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Hudson v. Flexible Staffing

United States District Court, Northern District of Illinois


June 17, 2011

HUDSON
v.
FLEXIBLE STAFFING

Name of Assigned Judge Robert M. Dow, Jr. Sitting Judge if Other or Magistrate Judge than Assigned Judge

CASE TITLE

DOCKET ENTRY TEXT

This matter is before the Court on Defendant's motion to dismiss [20]. For the reasons stated below, Defendant's motion [20] is granted and Plaintiff's complaint is dismissed for failure to state a claim upon which relief can be granted. Plaintiff is given twenty-eight days from the date of this order to file an amended complaint if he believes that he can cure the defects associated with his § 1981 claim.

O[ For further details see text below.] Docketing to mail notices. Notices mailed by Judicial staff.

STATEMENT

On June 29, 2010, the Clerk of the Court received Plaintiff Deon Hudson's complaint. Although the complaint was not filed until July 15, 2010 (due to Plaintiff's IFP status), the Court accepts the June 29 date of receipt as the filing date for statute of limitations purposes. Plaintiff alleges that Defendant Flexible Staffing Services, Inc. discriminated against him on the basis of his race and retaliated against him in violation of Title VII of the Civil Rights Act of 1964 and 42 U.S.C. § 1981. In his complaint, Plaintiff states that he received a right to sue letter from the United States Equal Employment Opportunity Commission ("EEOC") on March 30, 2010. Although this date is nearly two and a half years after he filed his charge of discrimination on October 1, 2007, the Court again accepts as true Plaintiff's allegation that he received the right to sue letter on March 30, 2010.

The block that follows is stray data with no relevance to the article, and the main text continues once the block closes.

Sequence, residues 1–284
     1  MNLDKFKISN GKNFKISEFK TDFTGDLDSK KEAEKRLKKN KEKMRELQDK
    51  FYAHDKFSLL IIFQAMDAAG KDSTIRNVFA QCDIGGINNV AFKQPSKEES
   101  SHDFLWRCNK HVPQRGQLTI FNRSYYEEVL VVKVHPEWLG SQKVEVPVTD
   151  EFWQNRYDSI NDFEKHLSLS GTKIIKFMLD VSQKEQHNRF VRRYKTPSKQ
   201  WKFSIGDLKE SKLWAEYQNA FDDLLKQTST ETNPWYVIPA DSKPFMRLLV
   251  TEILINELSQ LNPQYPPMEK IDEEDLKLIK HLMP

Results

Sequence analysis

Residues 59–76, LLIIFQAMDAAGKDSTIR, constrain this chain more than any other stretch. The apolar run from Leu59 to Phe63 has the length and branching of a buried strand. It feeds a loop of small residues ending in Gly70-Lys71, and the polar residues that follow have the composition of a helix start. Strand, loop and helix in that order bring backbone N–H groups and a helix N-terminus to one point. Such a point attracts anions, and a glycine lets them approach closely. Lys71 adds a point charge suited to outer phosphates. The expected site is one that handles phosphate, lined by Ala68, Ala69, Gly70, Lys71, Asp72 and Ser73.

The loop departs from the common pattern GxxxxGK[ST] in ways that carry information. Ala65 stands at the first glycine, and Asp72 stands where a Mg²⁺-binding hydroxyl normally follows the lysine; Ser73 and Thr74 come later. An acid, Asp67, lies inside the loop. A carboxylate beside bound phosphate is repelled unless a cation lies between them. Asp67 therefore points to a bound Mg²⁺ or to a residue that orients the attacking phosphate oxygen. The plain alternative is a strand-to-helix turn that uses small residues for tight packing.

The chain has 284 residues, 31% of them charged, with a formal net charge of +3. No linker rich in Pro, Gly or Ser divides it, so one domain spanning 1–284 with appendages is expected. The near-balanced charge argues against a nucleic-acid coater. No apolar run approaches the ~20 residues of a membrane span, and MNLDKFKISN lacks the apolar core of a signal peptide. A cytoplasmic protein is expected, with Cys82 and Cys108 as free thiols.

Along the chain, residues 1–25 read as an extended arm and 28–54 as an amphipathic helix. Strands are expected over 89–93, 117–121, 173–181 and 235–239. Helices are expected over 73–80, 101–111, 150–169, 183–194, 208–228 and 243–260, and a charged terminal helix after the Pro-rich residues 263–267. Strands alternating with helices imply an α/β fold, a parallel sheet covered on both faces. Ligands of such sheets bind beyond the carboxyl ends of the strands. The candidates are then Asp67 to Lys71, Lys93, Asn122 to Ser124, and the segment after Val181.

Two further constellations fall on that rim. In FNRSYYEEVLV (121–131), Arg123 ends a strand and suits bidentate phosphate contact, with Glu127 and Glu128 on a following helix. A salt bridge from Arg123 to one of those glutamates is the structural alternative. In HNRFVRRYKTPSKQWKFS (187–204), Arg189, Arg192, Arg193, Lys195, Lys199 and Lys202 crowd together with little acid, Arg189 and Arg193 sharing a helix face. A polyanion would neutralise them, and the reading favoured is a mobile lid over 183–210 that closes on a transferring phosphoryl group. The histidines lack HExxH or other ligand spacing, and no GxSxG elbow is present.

A district court may dismiss a complaint if it obviously has been filed after the statute of limitations has run. Limestone Dev. Corp. v. Vill. of Lemont, 520 F.3d 797, 802 (7th Cir. 2008) (citing Jones v. Bock, 549 U.S. 199 (2007)). A plaintiff who receives a right to sue letter from the EEOC must file suit in federal court within ninety days. Generally, the time period begins to run when the claimant receives the letter. Prince v. Stewart, 580 F.3d 571, 574 (7th Cir. 2009). However, there are circumstances under which a plaintiff is not entitled to this "actual notice rule"-specifically, if a plaintiff fails to receive the right-to-sue letter due to his own fault. Bobbitt v. Freeman Companies, 268 F.3d 535, 538 (7th Cir. 2001).

Based on the allegations in Plaintiff's complaint, Plaintiff was required to file suit in federal court by June 28, 2010, and he did not file suit until June 29, one day after the ninety-day window for filing suit closed. In his response brief to Defendant's motion to dismiss, Plaintiff did not offer a reason for why he brought suit late. Rather, his two-line response stated "Privileged Class--African American in Civil Rights Case meeting and exceeding companies expectations--performed two positions while being paid for one." Even assuming the truth of these allegations, they do not address Plaintiff's failure to timely file his Title VII claim within ninety days of the EEOC Notice of Right to Sue letter. See Davis v. Browner, 113 F. Supp. 2d 1223, 1225 (N.D. Ill. 2000)